The Lewis Center for the Arts’ Programs in Theater and Music Theater at Princeton University will present A Little Night Music, the Tony Award-winning musical by Stephen Sondheim and Hugh Wheeler. The production is directed by senior Richard Peng and features seniors Hannah Chomiczewski, Kateryn McReynolds, Billie Anna Runions, and Calvin Rusley. Performances are on March 6, 7, 12 and 13 at 8 p.m. and March 8 at 2 p.m. in the Wallace Theater at the Lewis Arts complex on the Princeton University campus, 122 Alexander Street. A talkback led by Professor of Theater Stacy Wolf, Director of the Program in Music Theater, follows the March 13 performance.
Set in Sweden at the turn of the last century, A Little Night Music explores the tangled web of affairs centered around actress Desirée Armfeldt and the men who love her: a lawyer by the name of Fredrik Egerman and the Count Carl-Magnus Malcom. When the traveling actress performs in Fredrik’s town, the estranged lovers’ passion rekindles. This strikes a flurry of jealousy and suspicion between Desirée; Fredrik; Fredrik’s wife, Anne; Desirée’s current lover, the Count; and the Count’s wife, Charlotte. Both men – as well as their jealous wives – agree to join Desirée and her family for a weekend in the country at Desirée’s mother’s estate. With everyone in one place, infinite possibilities of new romances and second chances bring endless surprises.
The musical is based on Ingmar Bergman’s comedy of manners, Smiles of a Summer Night, and won four Tony Awards in 1973 including Best Musical, Best Original Score, and Best Book of a Musical.
The production represents the five seniors’ independent work in pursuit of certificates in Music Theater, which is in addition to their work in their major area of study. The group proposed A Little Night Music as both an excellent and challenging work of musical theater and as a meaningful opportunity for character exploration, which was of interest from both a directorial and acting perspective. The varying ages of the musical’s characters provides an opportunity for the actors to take on roles not often available to college-age performers. Peng notes the extensive physical work he was able to do with the actors in portraying characters who are much older. The team also responded to the themes of love and multigenerational views of love and the opportunity to examine these complex characters through a modern-day perspective. The tumultuous relationships in the show, both comedic and dramatic, the group felt, are not unlike the tumultuous period that college students experience. The musical also provides each member of the large cast with a time to shine.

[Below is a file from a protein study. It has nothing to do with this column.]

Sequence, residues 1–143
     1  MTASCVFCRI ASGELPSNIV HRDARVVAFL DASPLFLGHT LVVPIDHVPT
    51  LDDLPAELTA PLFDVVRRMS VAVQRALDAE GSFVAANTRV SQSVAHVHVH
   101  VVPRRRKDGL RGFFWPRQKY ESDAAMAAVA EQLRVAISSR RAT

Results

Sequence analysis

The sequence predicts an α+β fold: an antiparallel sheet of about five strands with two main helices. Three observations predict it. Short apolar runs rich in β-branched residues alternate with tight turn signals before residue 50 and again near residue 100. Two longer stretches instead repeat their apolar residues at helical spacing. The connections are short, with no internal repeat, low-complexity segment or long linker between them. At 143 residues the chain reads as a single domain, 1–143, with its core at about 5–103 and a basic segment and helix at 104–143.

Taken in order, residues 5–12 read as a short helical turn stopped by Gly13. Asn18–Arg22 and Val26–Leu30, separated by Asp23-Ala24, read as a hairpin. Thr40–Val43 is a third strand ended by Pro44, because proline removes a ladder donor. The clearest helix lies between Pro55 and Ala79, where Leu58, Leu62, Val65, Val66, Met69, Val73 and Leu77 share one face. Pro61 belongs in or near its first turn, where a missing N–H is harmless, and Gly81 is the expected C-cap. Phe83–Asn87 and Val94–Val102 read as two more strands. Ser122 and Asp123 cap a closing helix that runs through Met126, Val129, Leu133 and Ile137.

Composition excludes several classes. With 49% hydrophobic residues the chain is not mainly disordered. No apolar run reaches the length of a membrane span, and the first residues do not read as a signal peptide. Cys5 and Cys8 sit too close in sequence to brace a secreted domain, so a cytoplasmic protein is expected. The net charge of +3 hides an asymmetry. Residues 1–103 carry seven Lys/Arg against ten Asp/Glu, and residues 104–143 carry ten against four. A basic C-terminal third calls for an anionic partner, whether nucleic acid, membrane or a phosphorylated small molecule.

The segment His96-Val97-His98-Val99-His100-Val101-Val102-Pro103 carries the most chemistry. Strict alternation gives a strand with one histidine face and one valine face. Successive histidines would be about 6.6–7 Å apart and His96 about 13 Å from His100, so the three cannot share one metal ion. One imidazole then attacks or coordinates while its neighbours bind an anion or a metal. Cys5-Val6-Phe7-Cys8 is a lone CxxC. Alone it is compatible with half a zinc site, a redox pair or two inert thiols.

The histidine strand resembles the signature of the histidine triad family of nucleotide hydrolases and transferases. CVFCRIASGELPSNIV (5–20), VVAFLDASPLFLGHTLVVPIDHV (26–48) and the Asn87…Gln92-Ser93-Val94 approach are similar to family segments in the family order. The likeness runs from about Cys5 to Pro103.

Richard Peng, who is from Shrewsbury, Massachusetts, is majoring in psychology and pursuing certificates (similar to a minor) in the Programs in Theater, Music Theater, and Creative Writing. He has performed in Lewis Center productions of Into the Woods and Machinal, and he served as a technician on the site-specific production of Fefu and Her Friends. He has been a producer and performer with Triangle Club, the student company Theatre Intime, and Playwrights Guild, a student organization dedicated to creating and developing original student theater on campus. While Peng has directed three musicals, this is his first time directing a production in the Program in Music Theater.
Hannah Chomiczewski, an English major from Collingswood, New Jersey, is pursuing certificates in both the Program in Theater and Program in Music Theater. Her engagement with the Lewis Center has primarily been through collaborating on original student work, including Trailing Rhiannon and The World Is My Therapist. She also served as assistant stage manager for I Am in Fifth Grade, You Are in Kindergarten as part of the María Irene Fornés Institute Symposium, a national event co-produced in 2018 by the Lewis Center and Latinx Theater Commons. She has performed in multiple productions through the student theater groups Princeton University Players and Theatre Intime. Chomiczewski will perform the role of Madame Armfeldt.
Kateryn McReynolds, a politics major from Long Beach, California, is pursuing certificates in Music Theater and Theater and will perform the role of Anne Egerman. She has performed in Lewis Center productions of Into the Woods, Trailing Rhiannon, and The Odyssey, and the workshops of new plays, Foreign Bodies and Unbecoming; served as assistant stage manager for Picnic at Hanging Rock; is currently a member of a student-alumna team, one of eight, that are developing original, short theater works based on interviews with early 1970s alumnae for All Her Power: The 50th Anniversary of Undergraduate Co-Education Theater Project, which will be presented in early April; and is directing a new work, Unravellings, written by Chomiczewski, in May. She’s performed in multiple productions through Princeton University Players and the Music Department, and she is directing a new play through Theatre Intime.